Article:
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You need to determine the proper measurements in order to allow the space required for the blocks, mortar joints, expansion foam and the finish trim. If you need to change the size of your rough opening, check the inside of the wall for electrical wires before making any modifications and make sure you don't cut through load-bearing studs. In this project, you'll notice that 4 inch-wide glass blocks were added in the middle of the 8-inch glass blocks in order not to resize the original window opening (shown in the image below). They also complement the vertical side windows.
Using a circular saw, cut 2 x 4's to the proper size and place them in the opening for the side windows; secure them to the wall with 2-1/2" wood screws. Use the lines that you drew on the sheathing to make sure the blocking is level and plumb as you put each piece in.
You may have to build up the frame around the main window to the proper dimensions to accommodate the glass block so that the grout lines on the center window match the smaller side windows. Add 1x 4 or 2x4 blocking to the top or the bottom to get the grout joints to line up on all of the windows.
Take the measurements of the rough frame openings for the side windows. Using a circular saw and a table saw, cut the interior finish trim pieces out of 1 x 6 pine. Slide it into the opening of the 2 x 4 frame, making sure it is flush to the exterior and interior walls and that it fits snugly and is level and plumb. Nail it in place using 2-1/2" finish nails. Repeat the same process for the main window.
After all of the finish trim is in place, prime the bottom sill. Priming the sill will keep the wood from absorbing the moisture of the mortar when you begin setting the glass block. You can prime the jambs and the top trim piece as well, but it's not critical as expansion foam will be used to fill the gaps between the glass block and the sides and top.
Mix up a batch of mortar in a wheelbarrow. Glass blocks don't absorb moisture like regular bricks, so the mortar needs to be dryer than normal, about the consistency of putty. Place a bed of glass block mortar on the window sill and insert spacers into the grout (Image 1). Set the blocks on one at a time. Do not butt the blocks up to the sides of the frame because you need a small amount of room for the expansion foam up the sides and across the top. As each block goes in, mud one side of the block with mortar and set it beside the previous block. Press the block into the mortar until it rests on the spacers (Image 2).The plastic spacers are not absolutely necessary, but they'll make it easier to maintain even mortar joints on each row and column.
After the first row is installed, insert the expansion foam between the block and the pine trim. Let it dry completely, then cut the foam off at the top of the block.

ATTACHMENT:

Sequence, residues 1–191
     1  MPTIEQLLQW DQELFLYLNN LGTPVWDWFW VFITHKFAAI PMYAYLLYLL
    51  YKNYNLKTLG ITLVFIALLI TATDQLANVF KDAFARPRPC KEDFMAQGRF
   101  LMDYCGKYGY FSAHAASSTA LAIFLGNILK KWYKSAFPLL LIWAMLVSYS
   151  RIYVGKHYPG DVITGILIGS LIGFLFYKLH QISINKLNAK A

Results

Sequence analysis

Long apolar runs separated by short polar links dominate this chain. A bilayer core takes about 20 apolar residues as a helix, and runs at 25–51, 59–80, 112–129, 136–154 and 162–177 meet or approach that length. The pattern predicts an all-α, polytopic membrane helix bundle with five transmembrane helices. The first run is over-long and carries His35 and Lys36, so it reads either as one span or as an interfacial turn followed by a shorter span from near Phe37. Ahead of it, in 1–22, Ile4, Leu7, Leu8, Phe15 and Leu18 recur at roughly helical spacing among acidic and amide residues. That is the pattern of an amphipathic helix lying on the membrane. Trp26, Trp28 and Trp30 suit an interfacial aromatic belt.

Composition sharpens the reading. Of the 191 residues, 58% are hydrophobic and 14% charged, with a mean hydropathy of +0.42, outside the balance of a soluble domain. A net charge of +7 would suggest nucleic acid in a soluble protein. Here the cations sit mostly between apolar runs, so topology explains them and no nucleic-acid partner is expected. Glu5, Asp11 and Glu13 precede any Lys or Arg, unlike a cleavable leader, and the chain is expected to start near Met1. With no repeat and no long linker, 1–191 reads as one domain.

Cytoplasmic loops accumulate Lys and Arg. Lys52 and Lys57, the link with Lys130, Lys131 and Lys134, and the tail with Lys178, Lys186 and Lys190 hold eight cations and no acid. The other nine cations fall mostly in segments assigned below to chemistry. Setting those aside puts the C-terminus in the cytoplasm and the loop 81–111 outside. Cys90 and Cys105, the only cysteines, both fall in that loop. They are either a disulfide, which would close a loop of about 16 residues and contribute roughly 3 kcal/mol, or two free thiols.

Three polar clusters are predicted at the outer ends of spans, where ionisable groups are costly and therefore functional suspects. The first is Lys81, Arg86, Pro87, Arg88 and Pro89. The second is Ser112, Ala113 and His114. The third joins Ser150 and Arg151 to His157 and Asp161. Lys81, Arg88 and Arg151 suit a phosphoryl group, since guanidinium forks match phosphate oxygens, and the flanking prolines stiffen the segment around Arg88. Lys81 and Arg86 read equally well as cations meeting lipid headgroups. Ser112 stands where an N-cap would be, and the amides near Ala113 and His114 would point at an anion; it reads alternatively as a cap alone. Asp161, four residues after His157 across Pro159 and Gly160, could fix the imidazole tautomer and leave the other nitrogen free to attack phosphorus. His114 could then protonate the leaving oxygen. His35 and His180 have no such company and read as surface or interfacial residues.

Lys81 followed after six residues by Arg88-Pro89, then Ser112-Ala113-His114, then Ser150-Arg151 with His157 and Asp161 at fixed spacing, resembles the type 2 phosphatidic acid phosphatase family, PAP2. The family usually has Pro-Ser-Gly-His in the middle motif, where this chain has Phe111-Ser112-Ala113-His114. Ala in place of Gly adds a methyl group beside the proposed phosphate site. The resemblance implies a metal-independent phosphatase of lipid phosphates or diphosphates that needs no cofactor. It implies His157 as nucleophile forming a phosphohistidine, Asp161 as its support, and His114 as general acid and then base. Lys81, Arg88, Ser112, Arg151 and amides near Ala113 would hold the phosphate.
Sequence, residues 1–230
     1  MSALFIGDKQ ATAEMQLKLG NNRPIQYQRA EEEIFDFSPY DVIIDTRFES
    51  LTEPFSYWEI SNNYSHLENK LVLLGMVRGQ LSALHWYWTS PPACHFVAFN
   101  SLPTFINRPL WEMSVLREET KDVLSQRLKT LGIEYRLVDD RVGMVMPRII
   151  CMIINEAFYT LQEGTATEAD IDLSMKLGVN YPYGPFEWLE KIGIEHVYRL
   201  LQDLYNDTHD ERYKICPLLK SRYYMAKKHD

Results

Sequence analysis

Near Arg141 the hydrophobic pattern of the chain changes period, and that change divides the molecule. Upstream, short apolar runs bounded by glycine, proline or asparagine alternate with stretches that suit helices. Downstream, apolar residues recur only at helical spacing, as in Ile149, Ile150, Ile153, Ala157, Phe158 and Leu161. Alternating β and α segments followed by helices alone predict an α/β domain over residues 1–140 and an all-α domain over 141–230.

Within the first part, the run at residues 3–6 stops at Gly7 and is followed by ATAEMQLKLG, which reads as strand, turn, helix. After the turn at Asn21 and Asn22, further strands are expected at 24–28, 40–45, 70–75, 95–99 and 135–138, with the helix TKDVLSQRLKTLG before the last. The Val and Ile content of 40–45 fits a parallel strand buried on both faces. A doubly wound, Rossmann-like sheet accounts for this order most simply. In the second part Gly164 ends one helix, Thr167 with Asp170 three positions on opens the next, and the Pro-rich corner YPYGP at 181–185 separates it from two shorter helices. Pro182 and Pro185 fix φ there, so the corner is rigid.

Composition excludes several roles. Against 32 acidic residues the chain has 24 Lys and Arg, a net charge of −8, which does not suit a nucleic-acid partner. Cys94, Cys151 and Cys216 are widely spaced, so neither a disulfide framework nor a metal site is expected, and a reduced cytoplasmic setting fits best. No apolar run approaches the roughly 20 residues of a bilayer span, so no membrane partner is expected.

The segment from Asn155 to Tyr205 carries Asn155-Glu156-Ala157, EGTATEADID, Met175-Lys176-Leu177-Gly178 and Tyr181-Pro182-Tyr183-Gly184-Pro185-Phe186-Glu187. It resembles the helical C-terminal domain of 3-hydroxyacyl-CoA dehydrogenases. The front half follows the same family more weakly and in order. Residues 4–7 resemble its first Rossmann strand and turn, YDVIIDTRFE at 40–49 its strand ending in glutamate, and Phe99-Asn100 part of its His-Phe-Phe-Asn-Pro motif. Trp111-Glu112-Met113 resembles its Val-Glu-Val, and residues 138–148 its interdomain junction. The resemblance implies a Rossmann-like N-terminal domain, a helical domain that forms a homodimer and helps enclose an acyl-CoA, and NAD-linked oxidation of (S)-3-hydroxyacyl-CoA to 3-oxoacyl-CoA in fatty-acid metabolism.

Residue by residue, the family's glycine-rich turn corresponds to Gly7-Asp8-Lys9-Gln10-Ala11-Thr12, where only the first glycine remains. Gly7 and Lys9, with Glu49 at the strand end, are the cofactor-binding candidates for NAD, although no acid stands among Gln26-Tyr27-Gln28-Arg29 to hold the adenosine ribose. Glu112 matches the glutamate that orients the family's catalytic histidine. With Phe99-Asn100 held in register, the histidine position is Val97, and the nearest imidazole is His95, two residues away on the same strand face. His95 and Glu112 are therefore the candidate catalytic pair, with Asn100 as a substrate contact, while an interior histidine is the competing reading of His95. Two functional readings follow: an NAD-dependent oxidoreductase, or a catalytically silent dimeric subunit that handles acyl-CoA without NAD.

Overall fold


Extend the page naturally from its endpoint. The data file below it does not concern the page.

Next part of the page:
Place mortar on the top of the first row of blocks. Bend a metal panel anchor at a 90-degree angle and press it into the mortar. Place the panel anchors every 3 rows, beginning with the top of the first row. Attach it to the side of the trim with 1 1/2-inch screws.
Begin the second row of blocks, inserting the spacers and setting the blocks in place just as before. Add mud to one side of the block set it snugly against the previous one. Continue this process until you have only one empty row left at the top; then place the expansion foam all the way up the sides and insert the panel anchors where needed.
Once you get to the top, you'll need an additional person to help on the outside of the window. Start the top row with one block at the end and then go to the opposite end and the set the blocks coming back toward the center. You need to meet in the middle for the final block to go in properly. Insert expansion foam along the top of the blocks.
The side windows go in exactly the same as the center window. It's a good idea to have someone help you with the smaller windows because you can't reach around as easily as with the larger window. After the blocks are in, break off the spacer tabs and tuck and point the joints and corners using a tucking tool or even a small spoon. Smooth out the joints to an even depth.
On the exterior, you need to prime the window frame before you caulk the perimeter. Be sure to use glass block sealant caulk. This type of caulking will seal all of the cracks between the glass and frame and allow for expansion and contraction for this type of glass block window. Use the same caulk on the interior.
You may need to remove some siding in order to see the edges of the window. Cut the siding 2-1/2 inches from the window frame (Image 1). Install brick molding on the edges of the window, then nail the "J Channel" (used for vinyl siding) along the side of the brick molding (Image 2). For other types of siding than vinyl siding used in this project, this process will vary slightly depending on the material.
When installing vinyl siding, leave the nail heads up just slightly so the siding has a little play in it. This will keep it from buckling as it expands and contracts with the weather. Nail and set the vinyl starting from the bottom and working up (Image 1). Use a siding removal tool to get under the edge of the siding and slide it back into place (Image 2). Make cuts along the narrow edges with a pair of snips and make sure the siding is level before nailing it. For wood or cementious siding, the process is similar but will require different tools. Make sure the siding is level to the other siding and gaps between pieces of siding are minimized.
Caulk and fill the nail holes and paint the trim. On the inside wall, paint the inside edge of the pine trim. Trim out the windows with 2-1/4" inch case molding. Install the molding with 2-1/2" inch finish nails, leaving a 16th of an inch reveal. Once the molding is up, fill in the nail holes, caulk along the edges and corners and give the trim a final coat of paint.